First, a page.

The (World Wide) Web of Legal Complexities – The Collision of Libya and YouTube

Four American died in a Libyan consulate last week as a result of a highly offensive video found on YouTube. The existence of this video which depicts the prophet Mohammad in a scandalous way, was intentionally spread to Muslim media outlets as a way to incite some form of protest, or even violence by religious extremists from our country. The entire subject has cracked open a debate about the Internet, the First Amendment right to free speech and the obligations of governments to keep people safe.

It is a very precarious dilemma. At play are American laws versus international laws, cultural values of our ideals and international religious sensitivities, the interplay of governmental moral imperatives to shut such outlets down that incites violence through hate and the rights of private organizations to promote their product without interference from government control. Equally vexing is to what degree this video played in these violent outbursts. Was the existence of the video a true spark of religious outrage or was it a convenient tool for extremists to perform acts of terrorism?

Nobody argues that YouTube, owned by Google, has a right to post whatever video-trash it wants as a private enterprise, and more importantly, as an exercise of the video producer’s first amendment right of free speech. In fact, Google investigated this case and determined that the video “is clearly within our guidelines and so [it] will stay on YouTube.”

However, should Google’s policy of censorship avoidance end at our American Judeo-Christian borders when the internet is exposed to an international and multi-cultural world? Enter, one billion Muslims worldwide.

Most Muslim countries are very restrictive in what may be disseminated in media outlets. Pornography or movies depicting nudity or violence are non-existent. Anything religiously insensitive might result in capital punishment. So, when this video, entitled Innocence of Muslims is seen overseas, combined with the thought that anything goes in American cinema, the prevailing thought is that Americans everywhere are watching this video on TV in prime time, eating popcorn and laughing at their spiritual leader.  In response, they took to the streets…

Or did they? There is no evidence that in Libya there was a protest that gave way to an insurrection and then a riot. There is evidence, however, that this was a planned terrorist attack and the video was a happenstance reason for an assassination of two American diplomats and two security personnel. As a prominent morning TV pundit shouted this week: “They don’t hate us for our freedom. They just hate us. They don’t hate us for our government. They just hate us. They don’t hate us for our pluralist society, THEY JUST HATE US….”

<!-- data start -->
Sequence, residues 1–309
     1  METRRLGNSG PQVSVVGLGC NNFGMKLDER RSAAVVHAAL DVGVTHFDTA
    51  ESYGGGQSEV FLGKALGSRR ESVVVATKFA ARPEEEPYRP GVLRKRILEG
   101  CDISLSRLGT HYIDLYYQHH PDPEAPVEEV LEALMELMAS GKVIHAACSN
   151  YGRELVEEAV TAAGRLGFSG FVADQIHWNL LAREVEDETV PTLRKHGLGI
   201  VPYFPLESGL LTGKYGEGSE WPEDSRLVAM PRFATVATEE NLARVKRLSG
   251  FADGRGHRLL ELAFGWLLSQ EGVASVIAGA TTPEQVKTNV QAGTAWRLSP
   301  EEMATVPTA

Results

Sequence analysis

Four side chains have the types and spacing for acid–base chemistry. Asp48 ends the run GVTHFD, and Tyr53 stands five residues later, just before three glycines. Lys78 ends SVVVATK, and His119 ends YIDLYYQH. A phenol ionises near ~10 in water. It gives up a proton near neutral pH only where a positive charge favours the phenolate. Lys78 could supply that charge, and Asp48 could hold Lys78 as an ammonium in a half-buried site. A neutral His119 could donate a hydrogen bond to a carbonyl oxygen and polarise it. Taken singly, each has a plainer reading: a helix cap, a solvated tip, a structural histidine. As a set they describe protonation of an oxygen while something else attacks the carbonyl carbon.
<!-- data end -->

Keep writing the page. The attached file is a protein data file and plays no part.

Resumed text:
Nevertheless, the riots in Egypt, Indonesia, Pakistan and Afghanistan are reason enough not to doubt the sincerity of the religious outrage sparked by this video. But it does further complicate reading motivation into Muslims worldwide.

Should this video have been censored from YouTube? Absolutely not. Google has established that it has a policy for appropriateness and it has followed this policy in a sensible approach after a full internal investigation. Google’s further action, discussed below, further demonstrates its sensitivities to other religious countries.

What about the First Amendment rights of the video producer? Despite being a craven individual, I believe censoring his video would be a violation of his first amendment right to free speech. It is not a treasonous video – there’s no indication of an attempt to violate allegiances to our government. It may border on religious sedition – to stir up rebellion against an established order. But sedition laws are established to protect our homeland, not religions. Does it amount to “incite to riot” – like yelling “Fire” in a crowded movie theatre? No, there is no immediacy to the action to cause imminent harm.

In short, our Supreme Court has been resolute to always err on the side of an individual’s free speech since “freedom” is what defines our Constitution and the very foundation of our Country.

Walking the fine line of preserving free speech locally yet reducing further risk of loss of life globally, Google took the action(perhaps ineffectively at this late date) of restricting the video from Libya and Egypt. As we evolve from an internet assisted society to an internet dominated society, these moral, legal and religious entanglements will only get more complicated, especially as geographical borders give away to world wide issues. World Wide Web, indeed.

One Response to “The (World Wide) Web of Legal Complexities – The Collision of Libya and YouTube”

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